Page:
Lamb Shoulder For Those Who Love Lamb But Don’t Want To Spend The Money


The meat section at my local Gelson’s is pretty spectacular: if you name a cut of meat, they probably have it. And on Friday night I was craving lamb and, studying the lamb options there, I saw a giant leg of lamb for $70 and a rack of lamb for $40. Those prices would seem to make lamb prohibitively expensive, yet there was another lamb option there for a measly $10.


Those are two big lamb shoulder chops for $10.52.

Here’s the thing about lamb shoulder–like stew meat, it’s not the kind of thing you’d sear and serve up in a matter of minutes (though I did once have something like that at Prune, one of the only dishes I’ve ever eaten there that I didn’t enjoy). Lamb shoulder is built for braising, which means slow cooking it in a flavorful liquid. What happens is the connective tissue starts to break down and what was once a tough cut of meat becomes incredibly tender. You should be able to cut it with your fork.

Noodling around online, I found a few recipes which I synthesized into this one. I chopped up half a red onion, a carrot, (I would’ve added celery but didn’t have it), garlic and parsley:


I got a skillet very hot and added a big splash of olive oil. I patted the lamb shoulder chops very dry, seasoned them with salt and pepper and added them carefully to the hot pan:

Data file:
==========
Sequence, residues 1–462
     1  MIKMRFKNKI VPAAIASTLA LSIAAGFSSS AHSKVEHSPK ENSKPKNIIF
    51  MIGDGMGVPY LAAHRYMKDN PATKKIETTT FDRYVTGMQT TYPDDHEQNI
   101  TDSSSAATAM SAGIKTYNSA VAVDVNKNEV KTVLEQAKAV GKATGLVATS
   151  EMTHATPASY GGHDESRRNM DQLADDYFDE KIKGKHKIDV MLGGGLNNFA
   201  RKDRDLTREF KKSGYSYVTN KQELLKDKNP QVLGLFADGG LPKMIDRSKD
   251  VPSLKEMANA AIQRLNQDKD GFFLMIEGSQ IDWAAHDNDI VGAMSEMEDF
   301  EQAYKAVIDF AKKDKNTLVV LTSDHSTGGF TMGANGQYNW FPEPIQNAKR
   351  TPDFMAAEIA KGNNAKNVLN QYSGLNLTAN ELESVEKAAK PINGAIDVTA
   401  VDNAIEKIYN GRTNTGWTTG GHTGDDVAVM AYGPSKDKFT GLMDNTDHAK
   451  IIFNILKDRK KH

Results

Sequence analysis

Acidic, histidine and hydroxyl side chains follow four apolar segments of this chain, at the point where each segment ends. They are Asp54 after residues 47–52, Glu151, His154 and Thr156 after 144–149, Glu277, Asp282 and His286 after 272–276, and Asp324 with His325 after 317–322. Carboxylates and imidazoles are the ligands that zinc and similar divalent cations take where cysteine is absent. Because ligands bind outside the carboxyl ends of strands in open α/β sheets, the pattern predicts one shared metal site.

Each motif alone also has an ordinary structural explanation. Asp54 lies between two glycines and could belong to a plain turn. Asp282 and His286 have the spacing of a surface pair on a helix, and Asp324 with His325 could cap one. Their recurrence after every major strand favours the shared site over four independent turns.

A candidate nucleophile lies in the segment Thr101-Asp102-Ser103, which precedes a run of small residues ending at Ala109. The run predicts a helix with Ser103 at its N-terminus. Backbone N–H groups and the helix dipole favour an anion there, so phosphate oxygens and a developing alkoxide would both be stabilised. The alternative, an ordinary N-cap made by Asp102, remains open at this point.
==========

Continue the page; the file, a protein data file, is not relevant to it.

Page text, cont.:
This step is the most important step, where all the flavor comes from. You want to get those chops brown. Here they are when I flipped them over:


I did pretty well and continued by browning the sides with a pair of tongs. Once brown all over, I removed the chops to a plate and then added those vegetables I showed you earlier:


The pan’s very hot here, so you may want to turn down the heat so the garlic doesn’t brown too fast. Sprinkle the veg with a little salt and stir until soft but not too brown; then add a big tall glass of white wine (you can sip a little while you’re waiting):


Let that boil away for a bit–it’ll smell wonderful. When most of it’s gone, add a can of San Marzano peeled tomatoes that you’ve crushed by hand, first, in a big bowl. Sprinkle with salt and place your lamb back in there, pouring in any juices that’ve accumulated on the plate:


Bring to a gentle simmer, cover and then check it every so often–once covered the temperature will go up and you don’t want it bubbling in the extreme. Just little bubbles.

Cook like this for 45 minutes to an hour; to check doneness, lift one of those chops to a plate and cut in and taste. Is it super tender? Do you love it? If so, you’re done.

Remove the other chop and, uncovered, bring your tomato sauce to a rapid boil. It will still be very liquidy and you want it to be thick and chunky. So cook until that happens, tasting towards the end for salt.


To serve, you have a few choices. You could boil up some pasta and dress the pasta in the remaining sauce, serving the chop on the side. Or you can do what I did and place a chop on each plate, cover it in sauce and then toast up good bread under the broiler, rub it with garlic and drizzle with olive oil for scooping up sauce.

No matter what, serve with a good red wine and enjoy your seemingly fancy but secretly cheap lamb dinner:


Lamb shoulder is a thrifty lamb-lover’s best friend.